• All animal trainers should follow the science, having a sound scientific knowledge about all the subjects and research them with different approaches, be open mind and always questioning everything.
  • All animals trainers should know that the animals are the best teachers we can have, so they must be treated with respect as individuals.
  • Animal training must be always adapted to species individual needs, if training is really needed.
  • All animal trainers must be clear and precise of the responsibility that the family will have, being necessary their total dedication and change of attitude/routines.
  • All animal trainers must be aware that they are not seers to predict the future or magicians who solve everything in the first session. So, they must be realistic with the human expectations.
  • All animal trainers must to show clearly in practice to the humans how they should proceed with their animals.
  • After demonstrate it, their role with the humans is coaching and mentoring. 

In conclusion

We can learn both from each other and be an example for those who are entering in the area, as well as encourage them and, through appropriate channels, discuss various issues that may be at odds. I don’t believe it’s utopia. I don’t wanna believe it…

In this constantly developing world, nature itself shows and aware us in several ways that there must be a balance to everything work.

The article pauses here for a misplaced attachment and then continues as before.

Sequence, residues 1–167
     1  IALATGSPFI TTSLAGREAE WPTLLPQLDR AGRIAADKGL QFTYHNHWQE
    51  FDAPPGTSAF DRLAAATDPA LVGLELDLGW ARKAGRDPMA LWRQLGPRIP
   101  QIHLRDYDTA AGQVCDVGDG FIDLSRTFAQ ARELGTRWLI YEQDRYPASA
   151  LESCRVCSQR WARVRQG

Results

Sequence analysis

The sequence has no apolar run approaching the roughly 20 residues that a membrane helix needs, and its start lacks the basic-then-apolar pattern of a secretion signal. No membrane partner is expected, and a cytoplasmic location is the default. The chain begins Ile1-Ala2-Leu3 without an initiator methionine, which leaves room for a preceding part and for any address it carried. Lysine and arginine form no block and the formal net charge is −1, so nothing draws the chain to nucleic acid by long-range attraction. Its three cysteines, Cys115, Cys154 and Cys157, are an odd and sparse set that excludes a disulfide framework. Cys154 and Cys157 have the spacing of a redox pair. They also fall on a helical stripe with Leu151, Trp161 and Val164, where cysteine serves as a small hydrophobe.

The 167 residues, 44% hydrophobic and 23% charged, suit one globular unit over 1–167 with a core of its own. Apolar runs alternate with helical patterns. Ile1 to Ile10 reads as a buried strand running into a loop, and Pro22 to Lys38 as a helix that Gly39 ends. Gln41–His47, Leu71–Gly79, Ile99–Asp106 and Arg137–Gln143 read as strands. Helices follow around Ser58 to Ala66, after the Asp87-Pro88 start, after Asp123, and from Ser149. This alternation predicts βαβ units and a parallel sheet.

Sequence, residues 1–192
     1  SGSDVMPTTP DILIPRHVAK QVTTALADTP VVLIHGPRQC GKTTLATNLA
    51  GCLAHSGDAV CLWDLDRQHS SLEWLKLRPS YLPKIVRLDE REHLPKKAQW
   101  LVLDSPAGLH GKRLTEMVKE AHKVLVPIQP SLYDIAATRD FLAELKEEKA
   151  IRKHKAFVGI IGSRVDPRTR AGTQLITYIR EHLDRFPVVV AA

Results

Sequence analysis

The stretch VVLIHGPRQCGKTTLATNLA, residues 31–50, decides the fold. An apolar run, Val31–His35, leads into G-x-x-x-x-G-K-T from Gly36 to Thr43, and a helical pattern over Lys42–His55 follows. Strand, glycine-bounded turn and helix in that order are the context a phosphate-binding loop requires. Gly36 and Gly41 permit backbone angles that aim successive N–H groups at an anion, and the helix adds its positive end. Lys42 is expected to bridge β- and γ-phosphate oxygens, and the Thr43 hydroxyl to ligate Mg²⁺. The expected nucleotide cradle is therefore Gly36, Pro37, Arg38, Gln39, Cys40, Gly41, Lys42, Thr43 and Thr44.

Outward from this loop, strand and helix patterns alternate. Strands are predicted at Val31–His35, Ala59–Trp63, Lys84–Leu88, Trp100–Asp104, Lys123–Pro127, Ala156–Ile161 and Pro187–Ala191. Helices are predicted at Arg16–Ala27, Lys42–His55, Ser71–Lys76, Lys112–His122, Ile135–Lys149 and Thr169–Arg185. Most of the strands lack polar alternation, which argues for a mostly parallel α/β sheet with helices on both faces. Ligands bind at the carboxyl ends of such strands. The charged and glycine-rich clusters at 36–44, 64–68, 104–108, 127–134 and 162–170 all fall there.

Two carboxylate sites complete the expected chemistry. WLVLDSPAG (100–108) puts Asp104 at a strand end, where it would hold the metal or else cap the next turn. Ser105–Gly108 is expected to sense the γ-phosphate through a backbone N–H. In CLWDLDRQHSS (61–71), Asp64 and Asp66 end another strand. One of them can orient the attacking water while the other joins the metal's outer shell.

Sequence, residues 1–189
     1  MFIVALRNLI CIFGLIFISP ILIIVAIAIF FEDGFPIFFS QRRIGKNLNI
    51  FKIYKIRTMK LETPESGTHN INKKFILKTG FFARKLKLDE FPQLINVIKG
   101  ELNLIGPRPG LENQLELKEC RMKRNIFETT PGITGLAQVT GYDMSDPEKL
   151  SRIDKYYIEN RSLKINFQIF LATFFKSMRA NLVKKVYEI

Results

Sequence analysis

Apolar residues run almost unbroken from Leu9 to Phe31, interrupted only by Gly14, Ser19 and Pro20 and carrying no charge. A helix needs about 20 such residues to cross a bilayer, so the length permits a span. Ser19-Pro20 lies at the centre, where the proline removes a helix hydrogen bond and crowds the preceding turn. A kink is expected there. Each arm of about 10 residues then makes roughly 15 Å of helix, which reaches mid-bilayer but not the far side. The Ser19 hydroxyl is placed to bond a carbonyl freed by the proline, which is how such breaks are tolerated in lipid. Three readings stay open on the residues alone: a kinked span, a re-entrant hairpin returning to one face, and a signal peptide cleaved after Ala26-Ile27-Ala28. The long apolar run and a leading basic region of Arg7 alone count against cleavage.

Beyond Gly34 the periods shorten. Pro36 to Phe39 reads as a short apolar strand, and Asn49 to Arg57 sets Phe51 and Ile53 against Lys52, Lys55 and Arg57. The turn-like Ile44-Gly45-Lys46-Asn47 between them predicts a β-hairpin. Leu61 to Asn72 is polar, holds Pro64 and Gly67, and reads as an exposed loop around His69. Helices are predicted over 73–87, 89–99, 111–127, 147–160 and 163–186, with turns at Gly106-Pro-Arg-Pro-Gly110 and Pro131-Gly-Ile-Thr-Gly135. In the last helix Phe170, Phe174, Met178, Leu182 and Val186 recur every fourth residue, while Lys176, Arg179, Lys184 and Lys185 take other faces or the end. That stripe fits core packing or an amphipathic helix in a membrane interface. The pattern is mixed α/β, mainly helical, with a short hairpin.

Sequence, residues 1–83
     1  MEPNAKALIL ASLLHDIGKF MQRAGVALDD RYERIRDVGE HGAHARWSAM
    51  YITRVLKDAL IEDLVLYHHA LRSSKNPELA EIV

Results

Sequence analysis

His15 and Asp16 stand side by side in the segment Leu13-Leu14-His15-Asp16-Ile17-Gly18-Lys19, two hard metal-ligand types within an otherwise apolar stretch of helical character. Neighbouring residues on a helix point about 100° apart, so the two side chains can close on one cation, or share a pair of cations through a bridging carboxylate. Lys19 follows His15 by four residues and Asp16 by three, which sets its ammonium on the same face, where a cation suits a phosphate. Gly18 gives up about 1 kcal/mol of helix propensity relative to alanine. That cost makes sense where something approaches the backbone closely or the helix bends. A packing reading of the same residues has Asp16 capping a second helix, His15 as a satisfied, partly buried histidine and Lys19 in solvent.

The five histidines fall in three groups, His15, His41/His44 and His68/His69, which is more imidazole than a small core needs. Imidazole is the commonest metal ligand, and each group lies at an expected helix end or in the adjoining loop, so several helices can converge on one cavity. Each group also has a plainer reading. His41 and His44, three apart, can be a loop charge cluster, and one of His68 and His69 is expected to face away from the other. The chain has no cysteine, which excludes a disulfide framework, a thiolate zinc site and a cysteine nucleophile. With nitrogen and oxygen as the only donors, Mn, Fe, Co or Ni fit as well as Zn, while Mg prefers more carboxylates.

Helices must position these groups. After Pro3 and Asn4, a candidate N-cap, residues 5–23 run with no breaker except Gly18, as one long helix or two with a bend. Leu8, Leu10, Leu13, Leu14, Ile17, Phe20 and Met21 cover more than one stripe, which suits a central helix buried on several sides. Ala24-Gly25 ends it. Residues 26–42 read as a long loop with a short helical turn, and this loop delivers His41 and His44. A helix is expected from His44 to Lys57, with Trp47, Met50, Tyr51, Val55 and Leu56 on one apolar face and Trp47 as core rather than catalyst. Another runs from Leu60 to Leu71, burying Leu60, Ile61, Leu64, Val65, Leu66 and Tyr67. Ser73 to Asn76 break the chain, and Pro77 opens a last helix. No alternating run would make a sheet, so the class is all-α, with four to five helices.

The balance for all professionals should be the endless searching for knowledge and respect for all living beings.

Don’t be what society wants you to be, or give in to their pressures. Respect other species and communicate with them, not by opposition, but because there is natural feedback. Knowledge is a powerful tool and it’s free. Lack of knowledge is expensive.

After all these years, there is just one thing I’m sure: It is much more than training.

Think about it.

Last update: September 2019

This article is a revised and enlarged version of several personal records:

  • Barata, R. (2005). Scientific or Moralistic Training?. Personal Portfolio (unpublished).
  • Barata, R. (2007). Why do I train animals?. Personal Portfolio (unpublished).
  • Barata, R. (2008).  A Professional or A Pirate?. Personal Portfolio (unpublished).
  • Barata, R. (2009). Training tools and Fashionism. Personal Portfolio (unpublished).